Objective: Men under 25 years are at high risk of back injuries caused by manual handling. Self reports and functional capacity evaluations are commonly used to determine a worker's lifting capacity, however, amongst uninjured individuals, conflicting views exist regarding how perceived physical functioning matches actual functioning in the absence of fear of pain and/or re-injury. The aim of this study was to compare self-reports and actual lifting performance in a group of healthy young men aged 18-25 years. METHOD/PARTICIPANTS: A correlational prospective design compared perceived lifting capacity, using self-report and the Spinal Function Sort, and actual lifting capacity, using the EPIC Lift Capacity test in 31 subjects.
Results: Subjects' self-reported lifting capacity varied more widely than their actual scores, indicating that they were less accurate at predicting their lifting performance using the self-report measure. One third of subjects were able to accurately self-report their lifting performance, approximately one-third underestimated, and the remaining third overestimated their lifting ability. Only two significant relationships were identified between self-reported and actual lifting performance for frequent knuckle-shoulder and floor-shoulder lifts. These correlations were weak and well below the 0.75 level considered necessary to be clinically significant.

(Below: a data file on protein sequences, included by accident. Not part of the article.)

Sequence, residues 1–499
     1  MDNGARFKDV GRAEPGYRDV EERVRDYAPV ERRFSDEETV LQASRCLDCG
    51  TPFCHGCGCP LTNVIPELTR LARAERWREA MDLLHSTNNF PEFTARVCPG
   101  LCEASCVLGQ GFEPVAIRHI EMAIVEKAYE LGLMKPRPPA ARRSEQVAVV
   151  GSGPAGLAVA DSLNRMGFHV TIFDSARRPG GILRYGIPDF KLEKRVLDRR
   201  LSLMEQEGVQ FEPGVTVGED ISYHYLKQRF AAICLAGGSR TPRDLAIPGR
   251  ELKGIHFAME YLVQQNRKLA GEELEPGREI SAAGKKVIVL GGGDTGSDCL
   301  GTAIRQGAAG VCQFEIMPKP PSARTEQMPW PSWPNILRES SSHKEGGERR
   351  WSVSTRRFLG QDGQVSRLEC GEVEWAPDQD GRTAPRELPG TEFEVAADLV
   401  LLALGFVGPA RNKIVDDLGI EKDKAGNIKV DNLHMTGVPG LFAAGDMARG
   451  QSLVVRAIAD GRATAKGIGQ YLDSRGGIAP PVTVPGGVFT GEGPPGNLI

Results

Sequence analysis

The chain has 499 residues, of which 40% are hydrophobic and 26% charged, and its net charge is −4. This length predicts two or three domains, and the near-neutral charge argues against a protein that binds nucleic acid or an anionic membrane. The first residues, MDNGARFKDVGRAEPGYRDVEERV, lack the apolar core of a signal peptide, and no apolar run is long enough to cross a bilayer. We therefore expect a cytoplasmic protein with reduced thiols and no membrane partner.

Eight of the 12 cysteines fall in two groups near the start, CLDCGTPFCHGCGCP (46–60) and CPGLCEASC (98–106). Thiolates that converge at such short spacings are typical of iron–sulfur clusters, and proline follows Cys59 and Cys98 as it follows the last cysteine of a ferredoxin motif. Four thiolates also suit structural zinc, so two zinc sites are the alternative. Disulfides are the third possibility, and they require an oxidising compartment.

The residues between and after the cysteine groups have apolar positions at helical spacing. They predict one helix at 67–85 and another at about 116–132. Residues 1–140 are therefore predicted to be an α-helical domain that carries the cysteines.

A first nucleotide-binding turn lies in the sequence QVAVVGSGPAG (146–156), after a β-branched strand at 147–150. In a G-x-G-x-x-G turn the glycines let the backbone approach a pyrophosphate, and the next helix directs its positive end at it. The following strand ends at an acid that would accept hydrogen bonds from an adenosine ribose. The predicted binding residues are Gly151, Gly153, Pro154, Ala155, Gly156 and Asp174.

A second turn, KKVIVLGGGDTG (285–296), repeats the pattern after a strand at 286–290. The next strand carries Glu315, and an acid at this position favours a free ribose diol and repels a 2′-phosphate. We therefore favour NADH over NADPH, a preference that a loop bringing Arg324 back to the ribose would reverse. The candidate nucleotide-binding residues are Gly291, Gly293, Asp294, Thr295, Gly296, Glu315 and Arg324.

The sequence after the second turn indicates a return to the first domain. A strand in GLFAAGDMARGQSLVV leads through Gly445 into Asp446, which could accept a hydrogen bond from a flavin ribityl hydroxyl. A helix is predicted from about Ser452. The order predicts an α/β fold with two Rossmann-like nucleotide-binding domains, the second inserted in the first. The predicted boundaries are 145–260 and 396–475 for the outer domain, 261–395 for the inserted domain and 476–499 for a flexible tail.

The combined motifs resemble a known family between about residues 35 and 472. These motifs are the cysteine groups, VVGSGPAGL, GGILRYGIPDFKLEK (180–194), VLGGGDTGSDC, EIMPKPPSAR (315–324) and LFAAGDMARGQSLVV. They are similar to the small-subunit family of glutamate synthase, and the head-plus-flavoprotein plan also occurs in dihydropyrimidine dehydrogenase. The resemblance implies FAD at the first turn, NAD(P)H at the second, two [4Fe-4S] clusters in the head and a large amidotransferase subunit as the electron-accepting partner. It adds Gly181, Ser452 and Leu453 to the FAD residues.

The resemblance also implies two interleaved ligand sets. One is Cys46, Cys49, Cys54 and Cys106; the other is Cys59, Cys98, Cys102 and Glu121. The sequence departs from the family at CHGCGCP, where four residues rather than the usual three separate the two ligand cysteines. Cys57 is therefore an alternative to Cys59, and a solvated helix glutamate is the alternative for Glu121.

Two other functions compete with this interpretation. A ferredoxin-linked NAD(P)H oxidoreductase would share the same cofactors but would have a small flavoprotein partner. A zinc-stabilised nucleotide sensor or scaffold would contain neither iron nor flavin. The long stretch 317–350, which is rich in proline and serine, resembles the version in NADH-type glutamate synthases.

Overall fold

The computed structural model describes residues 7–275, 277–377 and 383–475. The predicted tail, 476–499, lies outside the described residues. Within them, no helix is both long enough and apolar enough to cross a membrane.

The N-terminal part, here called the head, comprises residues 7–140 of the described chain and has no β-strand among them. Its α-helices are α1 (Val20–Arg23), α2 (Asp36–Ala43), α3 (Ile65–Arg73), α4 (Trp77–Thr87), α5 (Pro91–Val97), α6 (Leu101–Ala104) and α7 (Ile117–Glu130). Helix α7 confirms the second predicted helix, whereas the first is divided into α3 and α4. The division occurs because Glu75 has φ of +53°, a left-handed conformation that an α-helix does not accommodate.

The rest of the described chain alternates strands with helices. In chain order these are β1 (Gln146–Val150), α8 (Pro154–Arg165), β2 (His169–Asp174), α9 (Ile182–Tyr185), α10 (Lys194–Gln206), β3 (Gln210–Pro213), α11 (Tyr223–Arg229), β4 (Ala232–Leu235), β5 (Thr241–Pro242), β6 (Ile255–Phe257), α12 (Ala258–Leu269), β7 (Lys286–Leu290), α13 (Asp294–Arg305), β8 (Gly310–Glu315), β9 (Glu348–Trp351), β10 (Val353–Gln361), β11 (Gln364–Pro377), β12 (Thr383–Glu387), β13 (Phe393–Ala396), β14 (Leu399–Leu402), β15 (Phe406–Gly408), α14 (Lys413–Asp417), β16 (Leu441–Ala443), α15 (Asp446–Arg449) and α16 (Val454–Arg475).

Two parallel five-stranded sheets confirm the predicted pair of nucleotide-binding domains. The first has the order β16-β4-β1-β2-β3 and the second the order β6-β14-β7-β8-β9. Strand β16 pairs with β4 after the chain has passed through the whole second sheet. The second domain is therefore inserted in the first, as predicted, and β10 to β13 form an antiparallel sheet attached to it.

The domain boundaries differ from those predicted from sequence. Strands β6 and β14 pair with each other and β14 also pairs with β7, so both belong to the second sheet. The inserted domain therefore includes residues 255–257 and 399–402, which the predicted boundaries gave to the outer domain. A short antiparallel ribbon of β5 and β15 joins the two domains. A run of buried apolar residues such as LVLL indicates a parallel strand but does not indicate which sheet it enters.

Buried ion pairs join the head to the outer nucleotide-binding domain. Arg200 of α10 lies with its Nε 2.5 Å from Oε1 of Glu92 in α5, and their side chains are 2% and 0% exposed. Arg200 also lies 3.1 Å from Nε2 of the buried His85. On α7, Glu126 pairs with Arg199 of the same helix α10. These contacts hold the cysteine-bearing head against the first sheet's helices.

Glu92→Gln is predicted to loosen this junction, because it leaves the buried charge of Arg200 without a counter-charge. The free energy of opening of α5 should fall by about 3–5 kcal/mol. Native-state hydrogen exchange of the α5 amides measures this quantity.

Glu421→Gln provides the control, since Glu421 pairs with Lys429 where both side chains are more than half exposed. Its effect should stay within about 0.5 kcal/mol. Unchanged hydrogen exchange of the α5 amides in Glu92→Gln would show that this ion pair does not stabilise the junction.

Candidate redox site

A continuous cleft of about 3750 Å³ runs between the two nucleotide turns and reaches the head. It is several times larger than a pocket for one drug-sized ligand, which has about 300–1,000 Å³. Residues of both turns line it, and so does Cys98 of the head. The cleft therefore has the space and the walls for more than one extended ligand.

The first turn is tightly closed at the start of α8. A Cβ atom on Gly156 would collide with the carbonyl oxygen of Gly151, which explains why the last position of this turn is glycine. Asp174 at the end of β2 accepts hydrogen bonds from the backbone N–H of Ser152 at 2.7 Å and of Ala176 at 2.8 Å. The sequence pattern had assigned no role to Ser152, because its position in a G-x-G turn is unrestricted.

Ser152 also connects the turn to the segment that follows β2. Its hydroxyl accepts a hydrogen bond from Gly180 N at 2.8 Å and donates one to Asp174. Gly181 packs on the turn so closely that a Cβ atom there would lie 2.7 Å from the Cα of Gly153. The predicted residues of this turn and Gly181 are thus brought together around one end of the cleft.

Conclusions: This study found that self-report measures are not suitable when used in isolation. It is therefore recommended that self-report measures are used in conjunction with functional capacity evaluations to determine lifting capacity.